| GEO World|
| Robert Gates to arrive in Israel today|
| Updated at: 1751 PST, Sunday, July 26, 2009|
WASHINGTON: U.S. Defense Secretary Robert Gates heads to Israel on Sunday for talks covering missile defense, Israel's plan to acquire the multinationalF-35 fighter jet and efforts to curb Iran's nuclear ambitions.
During a visit that will last about six hours on Monday, Gates is to meet Prime Minister Benjamin Netanyahu and Defense Minister Ehud Barak to discuss those and other bilateraldefense issues, a senior U.S. defense official said.
"We're talking about the threats and challenges that we see in the region," the official told a small group of reporters on Friday. He said the Israelis were "antsy" about Iran but were not leaning on the Obama administration to halt its effort at expanded direct diplomatic engagement with Tehran.
After Israel, Gates will visit Jordan for talks with King Abdullah and his defense chief that will focus on coordinating efforts to leave a stable Iraq after U.S. forces complete their scheduled pullout by the end of 2011.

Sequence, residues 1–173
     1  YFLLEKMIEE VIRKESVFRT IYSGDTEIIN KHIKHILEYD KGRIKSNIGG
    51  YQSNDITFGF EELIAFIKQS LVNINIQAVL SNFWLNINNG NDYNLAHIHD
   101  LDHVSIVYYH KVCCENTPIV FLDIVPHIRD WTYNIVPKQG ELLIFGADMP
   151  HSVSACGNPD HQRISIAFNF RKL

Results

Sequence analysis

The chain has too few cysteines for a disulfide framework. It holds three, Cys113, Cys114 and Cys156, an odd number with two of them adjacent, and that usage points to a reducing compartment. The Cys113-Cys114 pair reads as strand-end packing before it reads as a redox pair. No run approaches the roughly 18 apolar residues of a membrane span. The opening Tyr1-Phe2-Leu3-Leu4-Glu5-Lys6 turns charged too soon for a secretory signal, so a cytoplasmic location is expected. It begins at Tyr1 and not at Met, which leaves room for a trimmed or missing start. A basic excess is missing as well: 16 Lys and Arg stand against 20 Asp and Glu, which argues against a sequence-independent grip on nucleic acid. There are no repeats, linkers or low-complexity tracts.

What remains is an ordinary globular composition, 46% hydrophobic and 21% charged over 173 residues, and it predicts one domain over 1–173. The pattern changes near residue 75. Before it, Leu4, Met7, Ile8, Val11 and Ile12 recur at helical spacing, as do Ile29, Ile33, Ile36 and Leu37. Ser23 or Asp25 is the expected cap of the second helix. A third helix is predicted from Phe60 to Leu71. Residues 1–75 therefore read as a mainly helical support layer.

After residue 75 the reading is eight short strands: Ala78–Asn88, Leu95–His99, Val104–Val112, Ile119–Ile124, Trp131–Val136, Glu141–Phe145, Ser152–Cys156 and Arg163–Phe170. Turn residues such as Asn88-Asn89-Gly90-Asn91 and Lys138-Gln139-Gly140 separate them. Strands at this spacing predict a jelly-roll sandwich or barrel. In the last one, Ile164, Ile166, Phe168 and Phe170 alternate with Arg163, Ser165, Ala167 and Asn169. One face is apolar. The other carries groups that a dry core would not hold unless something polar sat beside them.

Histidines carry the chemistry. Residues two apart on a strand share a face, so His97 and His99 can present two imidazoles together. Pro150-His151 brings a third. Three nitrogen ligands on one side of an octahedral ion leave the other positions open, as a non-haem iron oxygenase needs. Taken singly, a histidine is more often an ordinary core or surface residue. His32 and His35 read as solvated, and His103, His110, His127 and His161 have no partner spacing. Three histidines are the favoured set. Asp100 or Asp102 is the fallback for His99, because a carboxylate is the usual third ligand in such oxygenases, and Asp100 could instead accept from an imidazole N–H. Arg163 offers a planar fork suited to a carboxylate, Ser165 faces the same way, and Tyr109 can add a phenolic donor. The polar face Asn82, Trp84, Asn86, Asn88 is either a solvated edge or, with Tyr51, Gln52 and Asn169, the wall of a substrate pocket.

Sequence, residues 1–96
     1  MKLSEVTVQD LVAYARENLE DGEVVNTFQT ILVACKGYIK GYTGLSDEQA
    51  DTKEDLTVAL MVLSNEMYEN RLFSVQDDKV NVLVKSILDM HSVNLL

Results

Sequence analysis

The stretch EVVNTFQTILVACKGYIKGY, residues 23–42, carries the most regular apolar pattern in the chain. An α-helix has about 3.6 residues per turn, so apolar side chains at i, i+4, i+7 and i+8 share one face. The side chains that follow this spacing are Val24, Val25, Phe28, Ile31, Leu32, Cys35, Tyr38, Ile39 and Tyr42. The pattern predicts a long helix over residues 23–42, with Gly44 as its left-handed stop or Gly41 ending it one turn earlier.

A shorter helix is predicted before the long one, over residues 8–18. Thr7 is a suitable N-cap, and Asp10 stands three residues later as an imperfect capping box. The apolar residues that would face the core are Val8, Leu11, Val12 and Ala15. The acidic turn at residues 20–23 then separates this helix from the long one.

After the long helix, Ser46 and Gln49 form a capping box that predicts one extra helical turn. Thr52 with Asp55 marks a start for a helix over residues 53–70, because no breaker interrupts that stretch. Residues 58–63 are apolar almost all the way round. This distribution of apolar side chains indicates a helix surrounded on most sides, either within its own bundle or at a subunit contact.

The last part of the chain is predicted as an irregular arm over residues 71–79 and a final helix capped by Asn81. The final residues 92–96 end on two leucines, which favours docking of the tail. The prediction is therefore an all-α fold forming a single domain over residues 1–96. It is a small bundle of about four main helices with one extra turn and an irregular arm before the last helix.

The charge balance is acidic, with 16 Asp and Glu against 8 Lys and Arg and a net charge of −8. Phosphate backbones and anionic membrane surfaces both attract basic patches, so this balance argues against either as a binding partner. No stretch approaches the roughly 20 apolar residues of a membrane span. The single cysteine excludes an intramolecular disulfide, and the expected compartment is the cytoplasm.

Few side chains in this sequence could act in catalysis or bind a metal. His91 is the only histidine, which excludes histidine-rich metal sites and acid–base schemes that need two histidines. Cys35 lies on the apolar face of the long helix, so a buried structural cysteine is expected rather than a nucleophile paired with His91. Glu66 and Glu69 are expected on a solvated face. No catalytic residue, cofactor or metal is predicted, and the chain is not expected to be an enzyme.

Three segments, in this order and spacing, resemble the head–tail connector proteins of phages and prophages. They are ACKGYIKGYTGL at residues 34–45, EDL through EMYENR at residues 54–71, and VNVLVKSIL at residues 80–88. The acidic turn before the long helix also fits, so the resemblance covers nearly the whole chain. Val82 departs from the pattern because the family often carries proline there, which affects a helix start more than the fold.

"We see pretty eye to eye with the Jordanians on most of the security challenges," the official said. Israel and the United States, among others, fear that Iran is seeking to develop a nuclear arsenal under cover of an electricity generation program, a charge Tehran denies.
Israel and the United States also view Iran as a profound threat to regional security because of its military aid to armed groups in Iraq and Afghanistan, to the Palestinian group Hamas and to Lebanese Hezbollah.
On Wednesday, U.S. Secretary of State Hillary Clinton said the United States might cope with a nuclear Iran by buttressing its allies and spreading an unspecified "defense umbrella" over the region.
Clinton's remarks drew a quick rebuke from Israeli Deputy Prime Minister Dan Meridor. He said it would be far better to keep Iran from crossing the nuclear threshold than to try to counter it with any defense network.
"We already have long-running defense understandings with the Americans, and I can only hope this will continue," Meridor told Reuters on Thursday at a diplomatic reception north of Tel Aviv, reflecting apparent unease over what may be divergent views on coping with the perceived Iranian threat.